Distinguished Faculty Lecture
Dancer, choreographer, filmmaker, and writer Yvonne Rainer (American, b. 1934) is one of the most influential artistic figures of the last 50 years. Her work has been foundational across multiple disciplines and movements: dance, cinema, feminism, minimalism, conceptual art, and postmodernism.*
Yvonne Rainer, a co-founding member of the Judson Dance Theater in 1962, made a transition to filmmaking following a fifteen-year career as a choreographer/dancer (1960-1975). After making seven experimental feature films— “Lives of Performers” (1972), “Privilege” (1990), “MURDER and murder” (1996), among others — she returned to dance in 2000 via a commission from the Baryshnikov Dance Foundation for the White Oak Dance Project (“After Many a Summer Dies the Swan”). Her dances since then include “AG Indexical, with a little help from H.M.”, “RoS Indexical”, a Performa07 commission, “Spiraling Down”, “Assisted Living: Good Sports 2”, and “Assisted Living: Do You Have Any Money?” Her dances and films have been shown world wide, and her work has been rewarded with museum exhibitions, fellowships, and grants, most notably two Guggenheim Fellowships, two Rockefeller grants, a Wexner Prize, a MacArthur Fellowship, and retrospective exhibitions at Kunsthaus Bregenz and Museum Ludwig, Cologne (2012), the Getty Research Institute, L.A. and Raven Row, London (2014). A memoir — “Feelings Are Facts: a Life” — was published by MIT Press in 2006. A selection of her poetry was published in 2011 by Paul Chan’s Badlands Unlimited.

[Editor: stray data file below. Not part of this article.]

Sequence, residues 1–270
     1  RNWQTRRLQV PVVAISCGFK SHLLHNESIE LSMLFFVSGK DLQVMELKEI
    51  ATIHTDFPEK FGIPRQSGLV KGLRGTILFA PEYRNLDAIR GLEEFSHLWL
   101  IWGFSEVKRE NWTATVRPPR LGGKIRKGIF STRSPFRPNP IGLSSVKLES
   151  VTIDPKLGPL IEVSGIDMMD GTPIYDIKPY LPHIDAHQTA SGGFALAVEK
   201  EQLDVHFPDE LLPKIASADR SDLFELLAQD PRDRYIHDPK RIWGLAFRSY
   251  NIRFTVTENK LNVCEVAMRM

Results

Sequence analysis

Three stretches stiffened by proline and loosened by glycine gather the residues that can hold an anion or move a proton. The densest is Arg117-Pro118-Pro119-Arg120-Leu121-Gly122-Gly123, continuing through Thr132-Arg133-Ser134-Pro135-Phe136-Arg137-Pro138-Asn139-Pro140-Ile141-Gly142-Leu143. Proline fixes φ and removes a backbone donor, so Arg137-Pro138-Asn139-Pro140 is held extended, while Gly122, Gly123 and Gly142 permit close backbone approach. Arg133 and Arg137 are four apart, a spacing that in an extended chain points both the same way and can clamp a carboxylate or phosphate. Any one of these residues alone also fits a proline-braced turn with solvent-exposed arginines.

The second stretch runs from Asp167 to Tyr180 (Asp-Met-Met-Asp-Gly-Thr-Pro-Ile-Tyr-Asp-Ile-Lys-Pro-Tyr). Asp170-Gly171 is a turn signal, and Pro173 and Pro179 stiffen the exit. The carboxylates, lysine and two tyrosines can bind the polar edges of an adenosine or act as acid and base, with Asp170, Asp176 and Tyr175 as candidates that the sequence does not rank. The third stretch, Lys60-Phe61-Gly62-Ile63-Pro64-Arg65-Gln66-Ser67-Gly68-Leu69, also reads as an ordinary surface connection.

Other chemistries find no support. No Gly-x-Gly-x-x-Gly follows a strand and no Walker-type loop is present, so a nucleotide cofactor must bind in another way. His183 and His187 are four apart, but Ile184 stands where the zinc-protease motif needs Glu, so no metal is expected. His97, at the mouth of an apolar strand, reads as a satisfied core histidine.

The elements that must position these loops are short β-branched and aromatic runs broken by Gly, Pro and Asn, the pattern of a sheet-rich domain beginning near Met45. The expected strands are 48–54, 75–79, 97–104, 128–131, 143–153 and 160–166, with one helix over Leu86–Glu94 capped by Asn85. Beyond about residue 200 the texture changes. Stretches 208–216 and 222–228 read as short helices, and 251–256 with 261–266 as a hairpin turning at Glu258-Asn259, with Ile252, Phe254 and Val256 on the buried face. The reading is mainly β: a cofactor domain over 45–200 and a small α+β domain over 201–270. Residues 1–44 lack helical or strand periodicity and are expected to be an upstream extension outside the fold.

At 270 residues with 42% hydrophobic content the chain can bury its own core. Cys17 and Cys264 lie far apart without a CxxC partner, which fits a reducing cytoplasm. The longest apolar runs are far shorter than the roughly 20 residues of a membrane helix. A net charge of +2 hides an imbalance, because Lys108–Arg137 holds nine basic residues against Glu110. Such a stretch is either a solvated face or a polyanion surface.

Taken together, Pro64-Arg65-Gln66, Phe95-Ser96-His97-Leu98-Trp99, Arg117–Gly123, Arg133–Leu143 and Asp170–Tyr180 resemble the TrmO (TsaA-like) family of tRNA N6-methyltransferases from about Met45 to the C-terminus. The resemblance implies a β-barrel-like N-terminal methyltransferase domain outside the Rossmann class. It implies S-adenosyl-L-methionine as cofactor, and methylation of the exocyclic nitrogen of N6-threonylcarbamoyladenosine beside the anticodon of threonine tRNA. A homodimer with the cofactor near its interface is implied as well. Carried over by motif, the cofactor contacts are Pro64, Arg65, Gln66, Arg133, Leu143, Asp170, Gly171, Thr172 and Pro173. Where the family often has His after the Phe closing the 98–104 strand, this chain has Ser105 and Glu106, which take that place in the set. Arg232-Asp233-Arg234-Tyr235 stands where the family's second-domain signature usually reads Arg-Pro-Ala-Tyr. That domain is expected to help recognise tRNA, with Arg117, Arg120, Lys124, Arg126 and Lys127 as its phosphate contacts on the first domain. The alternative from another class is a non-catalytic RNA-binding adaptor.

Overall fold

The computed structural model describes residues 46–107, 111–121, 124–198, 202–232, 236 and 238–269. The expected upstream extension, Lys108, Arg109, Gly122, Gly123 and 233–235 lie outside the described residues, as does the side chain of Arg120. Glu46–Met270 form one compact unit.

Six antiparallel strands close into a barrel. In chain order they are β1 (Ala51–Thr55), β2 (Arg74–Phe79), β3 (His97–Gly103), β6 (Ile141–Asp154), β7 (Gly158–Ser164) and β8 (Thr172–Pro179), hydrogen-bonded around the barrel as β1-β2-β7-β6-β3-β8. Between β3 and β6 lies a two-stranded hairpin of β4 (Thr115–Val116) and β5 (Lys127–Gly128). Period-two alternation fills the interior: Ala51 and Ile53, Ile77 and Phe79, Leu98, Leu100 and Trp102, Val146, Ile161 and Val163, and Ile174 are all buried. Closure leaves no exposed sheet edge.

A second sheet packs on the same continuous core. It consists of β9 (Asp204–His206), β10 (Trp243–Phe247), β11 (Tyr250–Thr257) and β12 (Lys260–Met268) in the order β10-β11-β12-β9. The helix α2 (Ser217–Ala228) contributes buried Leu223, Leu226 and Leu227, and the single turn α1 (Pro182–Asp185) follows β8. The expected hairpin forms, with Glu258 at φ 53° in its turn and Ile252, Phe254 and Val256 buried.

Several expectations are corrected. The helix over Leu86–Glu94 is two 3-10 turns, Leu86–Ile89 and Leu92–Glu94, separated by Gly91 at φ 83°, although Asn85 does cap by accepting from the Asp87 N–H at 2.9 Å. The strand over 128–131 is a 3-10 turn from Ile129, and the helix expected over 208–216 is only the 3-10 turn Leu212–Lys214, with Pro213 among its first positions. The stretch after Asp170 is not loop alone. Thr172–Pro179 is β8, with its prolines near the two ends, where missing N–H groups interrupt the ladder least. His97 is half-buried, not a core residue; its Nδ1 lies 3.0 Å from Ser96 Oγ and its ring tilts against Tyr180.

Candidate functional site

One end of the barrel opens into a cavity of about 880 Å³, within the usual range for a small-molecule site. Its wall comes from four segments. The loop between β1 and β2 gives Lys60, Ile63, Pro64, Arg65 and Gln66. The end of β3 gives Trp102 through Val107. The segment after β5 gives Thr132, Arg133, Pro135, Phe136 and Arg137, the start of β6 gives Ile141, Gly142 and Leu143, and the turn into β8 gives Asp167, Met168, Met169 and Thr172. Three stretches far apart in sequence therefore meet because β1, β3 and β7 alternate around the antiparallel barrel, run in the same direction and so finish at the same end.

*from the Getty Research Institute